When the user starts entering the territory of addiction, he often seeks out pornography despite adverse consequences such as neglecting friends and family, eating poorer, paying less attention to work or other things in life, etc. Other things that used to interest the person, such as playing sports and watching TV shows, may no longer spark much interest in him.

In fact, it has been shown that over-use of pornography may weaken the region of the brain known as the cingulate cortex – the region that is responsible for moral and ethical decision making and willpower.

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After some time of porn use, the body will normally build up tolerance towards it. This means that more extreme forms of porn are needed to trigger the same pleasurable sensations. In other words, the brain starts needing more and more frequent novel females, more unusual sexual situations, and generally more extreme porn in order to sustain the same level of happy sensations.

The reason for this has to do with something called dopamine receptors. In the brain, the neurotransmitter dopamine is produced in one place, and is then transported to dopamine receptors somewhere else in the brain to communicate their messages. When dopamine binds to these receptors, the message is transferred to and interpreted by the receptors.

Over-use of porn will normally cause some of these dopamine receptors to stop working as they are overloaded with dopamine. Therefore, the number of working dopamine receptors declines, and hence, less dopamine can be received and interpreted. In order to achieve the same level of excitement as before, the porn now has to become more extreme than before because more dopamine has to be produced. If this use of more extreme porn is sustained, the number of dopamine receptors will decline further. Now, even more extreme forms of porn are needed to achieve the same sensations. This can go on and on until there are hardly any dopamine receptors left. As a result, extensive use of porn and masturbation may cause permanent or semi-permanent neuroplastic changes in the brain.

Why is this numbing of the dopamine reward system not good?

Because it is very likely to cause erectile dysfunction. The specific term is called porn induced erectile dysfunction. At this point, the brain is so saturated with sexual impulses that only very extreme forms of sexual stimulation will excite the person. The sexual stimulation will often need to be completely novel and provide ultimate control of the situation. Real sex, and particularly real sex with a partner that is not novel, will often not be able to produce adequate desire. The person will often stop being interested in normal sex, and will rather want extreme virtual sex with a cyber partner. Pornography and masturbation has at this point become more desirable than actual sex.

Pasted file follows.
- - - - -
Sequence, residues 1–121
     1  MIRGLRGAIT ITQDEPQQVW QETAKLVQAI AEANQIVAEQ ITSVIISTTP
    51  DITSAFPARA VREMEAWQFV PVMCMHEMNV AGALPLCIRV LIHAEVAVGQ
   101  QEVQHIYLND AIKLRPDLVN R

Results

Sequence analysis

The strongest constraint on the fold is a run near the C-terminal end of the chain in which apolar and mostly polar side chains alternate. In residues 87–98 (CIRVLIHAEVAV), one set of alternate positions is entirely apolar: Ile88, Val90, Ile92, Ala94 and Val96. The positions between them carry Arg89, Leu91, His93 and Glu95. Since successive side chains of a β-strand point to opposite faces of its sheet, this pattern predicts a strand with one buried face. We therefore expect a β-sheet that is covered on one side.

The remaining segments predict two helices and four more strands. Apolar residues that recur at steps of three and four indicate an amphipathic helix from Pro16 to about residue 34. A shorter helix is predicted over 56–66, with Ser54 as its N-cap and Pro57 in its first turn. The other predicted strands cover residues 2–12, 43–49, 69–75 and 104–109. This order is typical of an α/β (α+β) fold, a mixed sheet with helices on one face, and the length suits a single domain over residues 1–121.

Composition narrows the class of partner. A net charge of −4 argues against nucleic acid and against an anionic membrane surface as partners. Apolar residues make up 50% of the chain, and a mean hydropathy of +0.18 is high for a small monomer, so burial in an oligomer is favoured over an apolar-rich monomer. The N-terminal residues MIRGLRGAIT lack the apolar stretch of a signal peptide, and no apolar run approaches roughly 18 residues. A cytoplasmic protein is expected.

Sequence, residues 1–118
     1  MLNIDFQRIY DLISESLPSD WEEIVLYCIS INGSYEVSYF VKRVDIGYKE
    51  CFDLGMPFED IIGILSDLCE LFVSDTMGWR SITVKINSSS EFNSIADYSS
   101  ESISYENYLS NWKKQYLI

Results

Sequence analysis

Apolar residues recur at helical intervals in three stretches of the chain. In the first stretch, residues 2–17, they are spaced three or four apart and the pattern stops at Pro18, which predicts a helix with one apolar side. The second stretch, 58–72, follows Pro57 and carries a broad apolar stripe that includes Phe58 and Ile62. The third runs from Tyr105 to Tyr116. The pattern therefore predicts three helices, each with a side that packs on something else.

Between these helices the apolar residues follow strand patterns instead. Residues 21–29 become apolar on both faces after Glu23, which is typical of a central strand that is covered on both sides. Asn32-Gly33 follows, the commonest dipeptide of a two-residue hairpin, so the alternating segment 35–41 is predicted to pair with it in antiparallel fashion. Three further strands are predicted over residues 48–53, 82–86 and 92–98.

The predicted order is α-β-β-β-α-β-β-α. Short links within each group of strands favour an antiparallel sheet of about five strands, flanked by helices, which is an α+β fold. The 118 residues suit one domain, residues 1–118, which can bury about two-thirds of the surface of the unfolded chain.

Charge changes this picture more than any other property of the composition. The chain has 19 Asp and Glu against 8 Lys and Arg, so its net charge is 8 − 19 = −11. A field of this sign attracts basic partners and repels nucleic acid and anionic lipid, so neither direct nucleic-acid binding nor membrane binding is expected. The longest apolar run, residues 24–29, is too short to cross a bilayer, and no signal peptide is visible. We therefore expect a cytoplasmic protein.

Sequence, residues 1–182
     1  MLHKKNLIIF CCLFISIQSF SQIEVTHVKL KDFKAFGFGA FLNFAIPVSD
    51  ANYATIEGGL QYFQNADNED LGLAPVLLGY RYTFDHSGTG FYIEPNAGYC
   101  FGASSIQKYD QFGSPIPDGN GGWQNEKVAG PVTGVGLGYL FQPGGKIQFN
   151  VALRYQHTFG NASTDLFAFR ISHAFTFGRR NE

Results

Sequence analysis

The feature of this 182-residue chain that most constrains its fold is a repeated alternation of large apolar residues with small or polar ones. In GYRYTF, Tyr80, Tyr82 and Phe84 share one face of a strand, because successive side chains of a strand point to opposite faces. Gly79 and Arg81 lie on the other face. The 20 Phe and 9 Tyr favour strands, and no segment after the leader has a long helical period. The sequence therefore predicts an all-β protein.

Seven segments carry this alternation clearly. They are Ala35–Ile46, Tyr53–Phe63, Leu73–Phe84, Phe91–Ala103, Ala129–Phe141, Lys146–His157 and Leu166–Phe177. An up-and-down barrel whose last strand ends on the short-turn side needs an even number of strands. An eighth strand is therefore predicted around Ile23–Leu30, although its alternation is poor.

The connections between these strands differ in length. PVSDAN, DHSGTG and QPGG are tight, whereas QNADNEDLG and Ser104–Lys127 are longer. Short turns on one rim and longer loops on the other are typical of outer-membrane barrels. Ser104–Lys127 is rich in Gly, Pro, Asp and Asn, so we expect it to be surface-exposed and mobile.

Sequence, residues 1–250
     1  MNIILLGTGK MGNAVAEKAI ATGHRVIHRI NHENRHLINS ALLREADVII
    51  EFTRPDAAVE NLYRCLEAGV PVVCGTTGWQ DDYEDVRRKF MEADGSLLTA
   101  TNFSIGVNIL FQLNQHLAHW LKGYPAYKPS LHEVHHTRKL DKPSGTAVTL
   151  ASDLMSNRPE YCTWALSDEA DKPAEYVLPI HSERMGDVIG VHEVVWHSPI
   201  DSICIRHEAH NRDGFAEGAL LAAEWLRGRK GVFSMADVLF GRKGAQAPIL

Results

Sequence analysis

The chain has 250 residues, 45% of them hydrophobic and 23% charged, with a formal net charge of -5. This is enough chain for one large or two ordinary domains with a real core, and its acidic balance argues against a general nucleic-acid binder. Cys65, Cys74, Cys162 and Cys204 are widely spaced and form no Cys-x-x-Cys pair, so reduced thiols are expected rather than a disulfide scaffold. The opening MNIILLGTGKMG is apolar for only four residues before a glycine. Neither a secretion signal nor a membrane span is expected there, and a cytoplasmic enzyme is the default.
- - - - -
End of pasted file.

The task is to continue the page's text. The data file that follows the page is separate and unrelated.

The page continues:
It may sound strange, but the information coming from a computer in symphony with masturbation, can often be preferred to the real thing. Because if real sex is difficult and disappointing, but masturbation and porn works like a charm, porn often becomes a substitute for sex.

Another aspect about porn and masturbation that needs to be mentioned is control. Most men want control. Pornography gives a man the ultimate level of control. He can have sex with whomever he wants, whenever he wants, whichever race or age he wants, in what position he wants, he can have a threesome, foursome, etc., and it all happens on his premises. He can quickly switch between two partners, or three or ten. He can regulate the stimulation he wants by changing the level of masturbation. It is complete control. Sex with another person does normally not offer anywhere close to this level of control. This is also a reason why, after getting used to excessive porn, it may be difficult for a man to get and keep erections when with a real-life partner.

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A second negative consequence from watching porn and masturbating too frequently, is a loss of sexual energy, or libido. Every time a man has an erection, his body uses sexual energy to support this erection. In other words, by having frequent erections, or long lasting erections, his libido reserves are being used. By using up libido reserves faster than the body can build up libido, a man will normally cause libido to diminish.